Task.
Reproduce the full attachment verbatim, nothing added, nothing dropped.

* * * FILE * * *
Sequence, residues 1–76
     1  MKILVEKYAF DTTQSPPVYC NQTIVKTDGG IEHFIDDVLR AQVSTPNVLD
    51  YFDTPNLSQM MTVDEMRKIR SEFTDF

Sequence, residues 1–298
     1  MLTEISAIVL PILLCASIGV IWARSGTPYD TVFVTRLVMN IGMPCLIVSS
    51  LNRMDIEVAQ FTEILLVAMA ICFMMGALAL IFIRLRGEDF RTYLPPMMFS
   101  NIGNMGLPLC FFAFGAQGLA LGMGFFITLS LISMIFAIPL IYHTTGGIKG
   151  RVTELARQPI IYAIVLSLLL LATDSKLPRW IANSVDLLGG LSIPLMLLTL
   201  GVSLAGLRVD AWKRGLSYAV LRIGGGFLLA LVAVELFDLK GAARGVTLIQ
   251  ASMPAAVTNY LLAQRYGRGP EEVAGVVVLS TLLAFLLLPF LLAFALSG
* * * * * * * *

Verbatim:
Sequence, residues 1–76
     1  MKILVEKYAF DTTQSPPVYC NQTIVKTDGG IEHFIDDVLR AQVSTPNVLD
    51  YFDTPNLSQM MTVDEMRKIR SEFTDF

Sequence, residues 1–298
     1  MLTEISAIVL PILLCASIGV IWARSGTPYD TVFVTRLVMN IGMPCLIVSS
    51  LNRMDIEVAQ FTEILLVAMA ICFMMGALAL IFIRLRGEDF RTYLPPMMFS
   101  NIGNMGLPLC FFAFGAQGLA LGMGFFITLS LISMIFAIPL IYHTTGGIKG
   151  RVTELARQPI IYAIVLSLLL LATDSKLPRW IANSVDLLGG LSIPLMLLTL
   201  GVSLAGLRVD AWKRGLSYAV LRIGGGFLLA LVAVELFDLK GAARGVTLIQ
   251  ASMPAAVTNY LLAQRYGRGP EEVAGVVVLS TLLAFLLLPF LLAFALSG